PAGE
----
Equity markets in November

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Please note that this article may contain technical language. For this reason, it is not recommended to readers without professional investment experience.

After achieving some gains early in the month, followed by some volatility amid doubts on global growth and rising political uncertainties, equity markets rallied late to finish November ahead (with the MSCI AC World index in US dollar terms up by 1.3%). The rally was triggered by soothing language from the Fed on its monetary policy and some encouraging developments on several political and geopolitical issues.

Exhibit 1: Equities rally towards the end of November

Source: Bloomberg, BNP Paribas Asset Management, as at 30/11/2018

On the political front, investors mostly shrugged off the outcome of US mid-term elections, which left Congress divided, with the Democrats gaining a majority in the House of Representatives, while Republicans held onto the Senate. The reason for this relative indifference was likely that the markets are having a hard time assessing the impact of this new balance of power in Washington.

Although President Trump and his administration continued to blow hot and cold on the issue of trade tariffs on Chinese goods, the markets began to price in a reconciliation on the trade front in the run-up to the G20 summit and the meeting scheduled between Trump and President Xi Jinping in Buenos Aires. These expectations were borne out on Saturday, 1 December, with news of a lull in the skirmish. The US agreed to forego a January hike in tariffs from 10% to 25%, while China pledged to boost imports from the US and promised to expand talks on touchy issues such as respect for intellectual property and the opening of its domestic market.

Also on the political front, but in Europe this time, lively talks between the European Commission and Italy led Giuseppe Conte’s government to soften its position somewhat, but no definitive announcement has yet been made on the draft 2019 Italian budget. In the UK, the markets will be keeping a close eye on Parliament’s decision on whether or not to ratify the Brexit agreement negotiated by Theresa May and approved by her government and the 27 other EU member states in November.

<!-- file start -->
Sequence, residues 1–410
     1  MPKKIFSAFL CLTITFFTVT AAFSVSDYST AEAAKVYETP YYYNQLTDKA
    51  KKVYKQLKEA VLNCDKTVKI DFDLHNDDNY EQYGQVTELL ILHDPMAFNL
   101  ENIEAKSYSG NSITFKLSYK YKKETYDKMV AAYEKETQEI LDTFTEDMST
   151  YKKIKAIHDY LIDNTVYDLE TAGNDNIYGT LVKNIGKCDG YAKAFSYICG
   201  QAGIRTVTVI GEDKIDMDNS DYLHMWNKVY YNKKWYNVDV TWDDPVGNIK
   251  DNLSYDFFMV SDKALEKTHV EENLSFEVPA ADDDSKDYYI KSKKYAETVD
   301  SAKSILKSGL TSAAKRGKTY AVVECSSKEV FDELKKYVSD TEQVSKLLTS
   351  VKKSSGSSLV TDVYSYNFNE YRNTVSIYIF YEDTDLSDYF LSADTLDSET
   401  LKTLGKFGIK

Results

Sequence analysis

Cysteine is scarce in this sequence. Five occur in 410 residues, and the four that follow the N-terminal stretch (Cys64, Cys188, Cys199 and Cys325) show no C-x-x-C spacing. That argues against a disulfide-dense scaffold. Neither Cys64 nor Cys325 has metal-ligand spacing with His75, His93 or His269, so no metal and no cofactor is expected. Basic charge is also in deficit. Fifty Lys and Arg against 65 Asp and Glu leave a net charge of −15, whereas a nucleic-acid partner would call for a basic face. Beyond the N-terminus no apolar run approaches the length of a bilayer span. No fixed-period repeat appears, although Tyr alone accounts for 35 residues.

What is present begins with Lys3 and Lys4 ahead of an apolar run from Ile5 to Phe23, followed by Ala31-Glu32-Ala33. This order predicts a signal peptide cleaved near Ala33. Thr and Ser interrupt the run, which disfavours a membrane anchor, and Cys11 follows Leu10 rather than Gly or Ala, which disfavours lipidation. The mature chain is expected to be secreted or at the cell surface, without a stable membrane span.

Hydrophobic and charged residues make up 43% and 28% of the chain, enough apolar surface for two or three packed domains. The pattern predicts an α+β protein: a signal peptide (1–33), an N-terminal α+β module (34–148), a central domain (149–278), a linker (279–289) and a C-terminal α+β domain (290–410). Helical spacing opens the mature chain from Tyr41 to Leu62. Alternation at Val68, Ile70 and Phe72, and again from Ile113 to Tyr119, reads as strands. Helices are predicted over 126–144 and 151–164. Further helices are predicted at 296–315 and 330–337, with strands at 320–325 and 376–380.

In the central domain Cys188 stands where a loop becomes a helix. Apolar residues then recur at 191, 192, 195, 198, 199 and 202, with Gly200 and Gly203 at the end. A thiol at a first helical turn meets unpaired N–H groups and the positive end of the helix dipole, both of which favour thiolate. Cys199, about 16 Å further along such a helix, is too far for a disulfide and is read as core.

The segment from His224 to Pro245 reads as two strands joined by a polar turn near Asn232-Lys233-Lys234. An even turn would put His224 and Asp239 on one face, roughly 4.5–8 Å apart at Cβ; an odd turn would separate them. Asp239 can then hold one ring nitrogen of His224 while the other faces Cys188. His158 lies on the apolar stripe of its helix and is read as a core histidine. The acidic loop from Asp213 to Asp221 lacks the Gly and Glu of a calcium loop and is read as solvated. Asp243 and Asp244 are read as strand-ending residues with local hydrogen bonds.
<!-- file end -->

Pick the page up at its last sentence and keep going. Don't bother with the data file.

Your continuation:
The price of oil is falling

One issue that overlapped between the economic and political spheres was the plunge in oil prices (with WTI dropping by 22% to USD 51/bbl., a low since October 2017). This was triggered by supply-side issues more than the concerns over global growth that had been raised by a downgraded outlook and warnings of looming risks and headwinds. Since early October, when oil prices exceeded USD 75/bbl, it had become clear that US production was abundant, that the impact of the embargo on Iranian exports had so far been weaker than expected, and that OPEC members were having a hard time agreeing among themselves.

Exhibit 2: WTI oil at USD 50 a barrel

Source: Bloomberg, BNP Paribas Asset Management, as at 04/12/2018

In emerging economies, falling oil prices hit Latin American markets, while markets in emerging Asian countries that are net importers of oil outperformed. On the whole, the MSCI Emerging Markets index (in US dollar terms) gained 4.1%. Among major developed markets, Japanese and US equities finished almost in a tie in November, with the Nikkei up by 2% and the S&P 500 up by 1.8%, while European shares ended the month down (by 0.8% in the case of the EuroStoxx 50). Energy stocks underperformed on all markets.

European markets were driven down mainly by the poor showing by cyclicals amid ongoing disappointment in economic indicators. The markets were also wary of the health of the German automotive sector. In contrast, eurozone investors flocked to sectors exposed to bond yields, such as telecommunications and utilities. Globally, defensive sectors fared better, including US healthcare, which was the biggest winner by far in the S&P 500, while tech stocks ended the month down.

The Fed tweaks its proposal ahead of December’s meeting

As expected, the Federal Open Market Committee (FOMC) kept its federal funds target range on hold during its 7-8 November meeting, at 2.00% to 2.25%. There was nothing new in the rather laconic communiqué. The Fed continued to point to a solid job market and strong economic growth, but did flag the lacklustre increase in investment in the third quarter.